The SNP is urging Boris Johnson to put his decision to slash the UK’s aid budget by over £4 billion to a parliamentary vote in the House of Commons before parliamentarians retire for the summer, or immediately U-turn the shameful decision.
The call comes following Dominic Rabb’s confirmation today that they will push ahead with cuts to neglected tropical diseases by over 90%.
Speaking in front of the Foreign Affairs Committee today, Mr Rabb announced that the UK government will slash its aid spend from £150 million to just £17 million, despite the COVID-19 pandemic demonstrating the interconnectedness of our world and the importance of health security prioritisation.
Former International Development Secretary, Conservative MP Andrew Mitchell, has suggested that this decision will lead to more than 100,000 avoidable deaths.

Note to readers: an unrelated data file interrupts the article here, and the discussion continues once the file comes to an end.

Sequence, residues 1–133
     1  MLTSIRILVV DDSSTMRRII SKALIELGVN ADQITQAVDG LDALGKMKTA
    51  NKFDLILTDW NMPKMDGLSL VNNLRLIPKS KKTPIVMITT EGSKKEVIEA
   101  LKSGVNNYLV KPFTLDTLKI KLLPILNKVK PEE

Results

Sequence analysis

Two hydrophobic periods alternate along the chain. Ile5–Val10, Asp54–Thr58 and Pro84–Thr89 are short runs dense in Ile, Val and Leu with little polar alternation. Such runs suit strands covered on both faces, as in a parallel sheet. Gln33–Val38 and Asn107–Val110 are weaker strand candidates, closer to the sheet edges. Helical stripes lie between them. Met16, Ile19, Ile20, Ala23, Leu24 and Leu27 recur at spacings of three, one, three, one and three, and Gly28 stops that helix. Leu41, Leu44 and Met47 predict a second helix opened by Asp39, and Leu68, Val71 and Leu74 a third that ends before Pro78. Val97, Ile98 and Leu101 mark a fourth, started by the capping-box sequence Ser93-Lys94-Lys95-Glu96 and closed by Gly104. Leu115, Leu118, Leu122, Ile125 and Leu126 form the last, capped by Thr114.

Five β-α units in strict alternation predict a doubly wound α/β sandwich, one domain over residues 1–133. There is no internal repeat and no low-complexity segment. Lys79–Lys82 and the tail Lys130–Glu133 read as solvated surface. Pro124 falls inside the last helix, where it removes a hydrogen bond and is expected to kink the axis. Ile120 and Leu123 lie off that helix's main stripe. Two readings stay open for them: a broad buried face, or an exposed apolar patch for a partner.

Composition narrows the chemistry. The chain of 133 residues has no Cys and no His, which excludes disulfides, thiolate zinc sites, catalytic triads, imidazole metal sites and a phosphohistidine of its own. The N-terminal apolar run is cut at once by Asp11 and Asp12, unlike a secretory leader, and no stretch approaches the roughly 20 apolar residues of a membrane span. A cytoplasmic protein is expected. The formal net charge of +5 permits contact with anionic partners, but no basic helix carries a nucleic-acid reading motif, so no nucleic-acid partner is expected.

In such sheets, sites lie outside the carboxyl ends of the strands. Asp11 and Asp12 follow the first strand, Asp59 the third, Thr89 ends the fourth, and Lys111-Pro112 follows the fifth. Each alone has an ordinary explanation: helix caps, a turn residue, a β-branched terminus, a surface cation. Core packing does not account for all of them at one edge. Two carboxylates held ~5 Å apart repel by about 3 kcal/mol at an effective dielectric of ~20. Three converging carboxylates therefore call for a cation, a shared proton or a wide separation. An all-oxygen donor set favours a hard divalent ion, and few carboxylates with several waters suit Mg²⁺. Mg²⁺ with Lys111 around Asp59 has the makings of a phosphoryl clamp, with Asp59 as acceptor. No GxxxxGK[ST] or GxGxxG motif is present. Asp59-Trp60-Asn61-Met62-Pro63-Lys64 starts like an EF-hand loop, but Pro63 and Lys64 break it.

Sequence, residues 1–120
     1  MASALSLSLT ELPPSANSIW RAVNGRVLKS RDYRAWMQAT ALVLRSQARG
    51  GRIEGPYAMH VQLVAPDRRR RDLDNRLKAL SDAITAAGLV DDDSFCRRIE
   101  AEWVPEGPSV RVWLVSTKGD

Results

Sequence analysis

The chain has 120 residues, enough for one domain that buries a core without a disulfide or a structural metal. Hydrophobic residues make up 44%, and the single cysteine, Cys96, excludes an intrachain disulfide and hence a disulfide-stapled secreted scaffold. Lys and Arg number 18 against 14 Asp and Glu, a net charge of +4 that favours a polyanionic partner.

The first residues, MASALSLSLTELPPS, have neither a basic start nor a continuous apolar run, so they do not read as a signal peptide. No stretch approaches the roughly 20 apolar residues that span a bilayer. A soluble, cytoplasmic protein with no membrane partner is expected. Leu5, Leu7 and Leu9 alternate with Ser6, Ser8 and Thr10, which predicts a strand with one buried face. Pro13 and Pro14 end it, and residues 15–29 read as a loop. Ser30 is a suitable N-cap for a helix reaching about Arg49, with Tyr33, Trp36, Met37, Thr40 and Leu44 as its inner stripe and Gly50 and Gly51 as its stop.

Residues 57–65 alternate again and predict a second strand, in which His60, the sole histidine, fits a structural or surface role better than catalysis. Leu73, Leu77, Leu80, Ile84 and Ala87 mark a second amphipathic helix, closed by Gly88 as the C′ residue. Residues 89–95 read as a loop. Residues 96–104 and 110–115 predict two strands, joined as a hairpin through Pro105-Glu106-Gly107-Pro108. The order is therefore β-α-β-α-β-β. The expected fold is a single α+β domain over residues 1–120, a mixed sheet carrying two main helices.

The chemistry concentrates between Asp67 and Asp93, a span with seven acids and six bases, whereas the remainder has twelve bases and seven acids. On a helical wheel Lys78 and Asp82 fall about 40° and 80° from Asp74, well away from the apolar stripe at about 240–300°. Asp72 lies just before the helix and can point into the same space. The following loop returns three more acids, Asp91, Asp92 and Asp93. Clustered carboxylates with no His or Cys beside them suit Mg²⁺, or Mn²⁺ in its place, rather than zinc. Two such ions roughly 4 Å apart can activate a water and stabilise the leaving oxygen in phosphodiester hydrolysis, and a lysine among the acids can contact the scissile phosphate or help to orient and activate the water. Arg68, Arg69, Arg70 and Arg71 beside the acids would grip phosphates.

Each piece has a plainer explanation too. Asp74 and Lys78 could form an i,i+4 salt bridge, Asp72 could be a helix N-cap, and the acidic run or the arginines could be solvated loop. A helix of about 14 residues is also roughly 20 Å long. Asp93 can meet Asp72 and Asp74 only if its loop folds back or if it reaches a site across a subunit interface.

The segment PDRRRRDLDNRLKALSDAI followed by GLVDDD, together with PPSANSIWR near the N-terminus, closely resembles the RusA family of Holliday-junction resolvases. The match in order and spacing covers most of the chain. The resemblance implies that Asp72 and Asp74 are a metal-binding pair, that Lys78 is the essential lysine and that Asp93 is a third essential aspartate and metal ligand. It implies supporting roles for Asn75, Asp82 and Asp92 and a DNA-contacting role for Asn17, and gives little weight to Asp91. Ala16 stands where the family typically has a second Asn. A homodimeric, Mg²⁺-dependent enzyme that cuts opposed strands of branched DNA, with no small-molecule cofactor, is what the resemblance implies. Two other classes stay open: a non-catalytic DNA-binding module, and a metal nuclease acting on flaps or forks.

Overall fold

The United Nations’ World Health Organisation have also criticised the UK government’s decision, stating that the funding helps prevent “untold suffering to millions of people worldwide”.
SNP Foreign Affairs spokesperson Alyn Smith MP said:
‘The decision to slash the UK’s aid budget during a global pandemic is abhorrent and must be reversed immediately.
‘Families and communities across the world are facing challenges not witnessed in our lifetime, yet this Tory government believes now is the time to cut vital financial support to the world’s most deprived countries. It beggars belief.
‘Boris Johnson has numerous opportunities to reverse this decision following criticism from not only his own benches, but from around the world. However, it is clear he will not change his mind therefore it is imperative that the decision be put to a vote in the House of Commons in order to receive Parliamentary approval.
‘It is the UK government’s legal and moral obligation to support countries that are less fortunate than we are – by failing to reverse these cuts, they will break both of those.
‘Scotland is on a completely different trajectory to that of the UK. It is clear that only with the full powers of independence can we fulfil our potential in bringing a progressive and humanitarian approach to the global stage.’
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